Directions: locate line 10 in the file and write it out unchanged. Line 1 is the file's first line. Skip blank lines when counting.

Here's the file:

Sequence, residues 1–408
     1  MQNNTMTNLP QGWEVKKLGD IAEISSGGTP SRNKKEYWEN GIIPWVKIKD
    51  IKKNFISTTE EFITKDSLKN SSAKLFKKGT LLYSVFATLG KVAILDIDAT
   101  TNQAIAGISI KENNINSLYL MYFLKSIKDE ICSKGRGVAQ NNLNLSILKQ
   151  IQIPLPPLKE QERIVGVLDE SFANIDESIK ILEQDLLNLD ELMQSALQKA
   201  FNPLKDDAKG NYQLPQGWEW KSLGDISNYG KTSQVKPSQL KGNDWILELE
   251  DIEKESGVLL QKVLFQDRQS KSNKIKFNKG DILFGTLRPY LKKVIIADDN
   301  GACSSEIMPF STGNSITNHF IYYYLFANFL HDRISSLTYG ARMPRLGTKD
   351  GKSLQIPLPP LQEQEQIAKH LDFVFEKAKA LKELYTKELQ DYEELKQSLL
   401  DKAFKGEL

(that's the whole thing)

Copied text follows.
   401  DKAFKGEL